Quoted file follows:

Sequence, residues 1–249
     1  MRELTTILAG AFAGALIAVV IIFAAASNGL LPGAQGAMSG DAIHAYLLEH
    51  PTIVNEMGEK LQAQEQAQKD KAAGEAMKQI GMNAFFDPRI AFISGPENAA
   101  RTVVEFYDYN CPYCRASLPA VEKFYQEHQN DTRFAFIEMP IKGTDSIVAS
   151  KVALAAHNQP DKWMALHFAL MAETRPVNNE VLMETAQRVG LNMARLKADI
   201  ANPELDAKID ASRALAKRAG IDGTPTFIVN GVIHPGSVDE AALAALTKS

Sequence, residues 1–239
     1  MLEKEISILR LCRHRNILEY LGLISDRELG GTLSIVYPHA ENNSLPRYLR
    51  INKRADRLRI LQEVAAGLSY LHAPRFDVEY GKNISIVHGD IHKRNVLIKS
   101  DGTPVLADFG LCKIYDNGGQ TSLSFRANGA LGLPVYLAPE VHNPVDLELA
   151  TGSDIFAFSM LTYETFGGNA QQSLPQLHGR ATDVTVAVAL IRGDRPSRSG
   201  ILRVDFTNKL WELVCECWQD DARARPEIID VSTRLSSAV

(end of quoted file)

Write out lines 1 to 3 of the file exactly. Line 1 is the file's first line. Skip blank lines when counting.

Sequence, residues 1–249
     1  MRELTTILAG AFAGALIAVV IIFAAASNGL LPGAQGAMSG DAIHAYLLEH
    51  PTIVNEMGEK LQAQEQAQKD KAAGEAMKQI GMNAFFDPRI AFISGPENAA